For No. 5 LSU, expectations for the Tigers as they get set to face No. 8 FSU in the opener.

LSU quarterback Jayden Daniels (5) slips by Florida linebacker Brenton Cox Jr. for a 9-yard touchdown run during the second half of an NCAA college football game, Saturday, Oct. 15, 2022, in Gainesville, Fla. (AP Photo/John Raoux)

BATON ROUGE, La. (AP) — At least Brian Kelly had one season at LSU where expectations were easier than usual to exceed.

No one is overlooking the defending SEC West champions now.

The Tigers enter this season ranked No. 5 in the AP Top 25 preseason poll, have one of the top dual-threat quarterbacks in the country in Jayden Daniels and an All-America candidate at linebacker in Harold Perkins.

Unlike last year, LSU also has a slew of returning players who’ve demonstrated they know what it takes to compete in what has been the toughest conference in college football for most of the past two decades.

“Playing in this league requires more than athleticism,” Kelly said. “You need experience and I think we have experience and I think that’s going to be a strength of this football team.”

Knowing the process their coach wants them to follow helps, too.

“There should be a realistic expectation that everything we do, we’re going to do a little bit better,” Kelly added.

The Tigers went 6-7 in 2021, the year before Kelly came down to the bayou from Notre Dame, where he’d spent 12 seasons. Last year, the Tigers went 10-4, highlighted by their dramatic upset victory over longtime nemesis Alabama on a risky, 2-point conversion in overtime.

Tight end Mason Taylor was a true freshman when he caught Daniels’ quick pass toward the sideline and dove for the pylon to clinch the season-defining victory over the Crimson Tide. Now he’s the leader of a position group.

“It definitely is different. I think everything everyone’s kind of more experienced,” Taylor said. “The offense was new last year. So, everyone was kind of like iffy about the playbook.”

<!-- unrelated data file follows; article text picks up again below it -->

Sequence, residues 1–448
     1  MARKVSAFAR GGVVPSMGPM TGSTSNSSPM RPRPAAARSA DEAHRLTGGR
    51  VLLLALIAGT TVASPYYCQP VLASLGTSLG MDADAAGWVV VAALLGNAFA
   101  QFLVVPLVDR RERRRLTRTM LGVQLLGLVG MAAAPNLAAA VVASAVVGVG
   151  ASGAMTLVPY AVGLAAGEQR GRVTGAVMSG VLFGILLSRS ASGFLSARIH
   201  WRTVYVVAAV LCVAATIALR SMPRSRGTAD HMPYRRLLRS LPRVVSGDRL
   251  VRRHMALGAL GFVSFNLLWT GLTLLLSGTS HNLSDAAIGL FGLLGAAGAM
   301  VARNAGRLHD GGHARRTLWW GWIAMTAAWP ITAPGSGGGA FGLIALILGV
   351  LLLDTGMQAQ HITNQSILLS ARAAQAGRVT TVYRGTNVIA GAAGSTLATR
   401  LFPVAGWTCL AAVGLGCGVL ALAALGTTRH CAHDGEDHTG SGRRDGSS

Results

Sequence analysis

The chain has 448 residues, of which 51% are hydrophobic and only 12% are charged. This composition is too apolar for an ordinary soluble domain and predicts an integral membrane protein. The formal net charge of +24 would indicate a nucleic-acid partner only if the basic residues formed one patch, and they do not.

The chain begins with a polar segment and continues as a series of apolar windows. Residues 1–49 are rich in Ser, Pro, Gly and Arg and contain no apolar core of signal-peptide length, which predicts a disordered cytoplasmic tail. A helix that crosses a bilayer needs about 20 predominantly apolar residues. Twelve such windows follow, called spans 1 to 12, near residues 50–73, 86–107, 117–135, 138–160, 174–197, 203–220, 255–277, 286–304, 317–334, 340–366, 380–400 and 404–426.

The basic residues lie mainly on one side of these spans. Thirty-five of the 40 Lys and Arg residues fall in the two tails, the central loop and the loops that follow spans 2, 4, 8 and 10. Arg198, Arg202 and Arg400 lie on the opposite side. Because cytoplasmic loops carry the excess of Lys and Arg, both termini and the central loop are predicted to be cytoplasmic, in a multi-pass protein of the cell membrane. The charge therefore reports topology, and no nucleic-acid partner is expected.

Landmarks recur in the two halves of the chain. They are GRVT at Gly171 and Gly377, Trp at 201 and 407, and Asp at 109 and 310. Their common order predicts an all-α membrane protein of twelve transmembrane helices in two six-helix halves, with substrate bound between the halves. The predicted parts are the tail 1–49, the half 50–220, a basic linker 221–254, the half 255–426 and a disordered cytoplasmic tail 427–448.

Now, Taylor surmised, “everyone just knows what they’re doing,” and the Tigers “definitely are a better team than last year.”


Kelly has far more confidence in his offensive line now than he did a year ago.

Led by left tackle Will Campbell, who started as a freshman last year, “you have four guys who have started SEC games as opposed to last year where you’re like, ‘I have no idea,’” Kelly said.

On the defensive side, LSU welcomes back 6-foot-6, 315-pound Maason Smith, a top defensive tackle who went out for the year with a fluky, non-contact knee injury while celebrating a teammate’s tackle in a season-opening loss to Florida State.

“I’m sure there’s going to be some feeling his way out when it’s his first game in over a year,” Kelly said. “I think a lot of that hesitation has diminished because of what he did throughout the summer. He looks pretty darn good.”


Malik Nabers returns from his 2022 breakout season as a candidate for the Biletnikoff Award.

But if defenses shade coverage toward Nabers — “He’s going to be a featured player for us,” Kelly says — that could open opportunities for Kyren Lacy and Alabama transfer Aaron Anderson.

Anderson is a New Orleans native who spent one redshirt season in Tuscaloosa before moving back to his native state.

“There’s going to be a lot more to see from him as we continue to build the offense,” Kelly said, noting that Anderson also could get the ball in the running and return game. “He’s got speed, explosiveness. He’s kind of what we thought he would be. … We’ve just scratched the surface in terms of what we can do with him.”


Logan Diggs, a player Kelly once recruited from Louisiana to Notre Dame, is back in his home state where he joins a running back room that already features John Emery Jr. and Noah Cain. Included in the mix are Armoni Goodwin and a pair of freshmen who were four-star recruits: Trey Holly and Kaleb Jackson.

“We got one football. That hasn’t changed so we’ll figure it out as it goes,” Kelly said, adding that in his experience “the guys with the most experience end up rising to the top and taking it over.”


LSU opens the season with a chance to avenge its mistake-prone, season-opening, 1-point loss to the Seminoles last season with a game against No. 8 Florida State in Orlando on Sept. 3. A highlight of every LSU season is its clash with Alabama, this time in Tuscaloosa on Nov. 4. The Tigers visit Mississippi on Sept. 30 and close the regular season at home against Texas A&M on Nov. 25.


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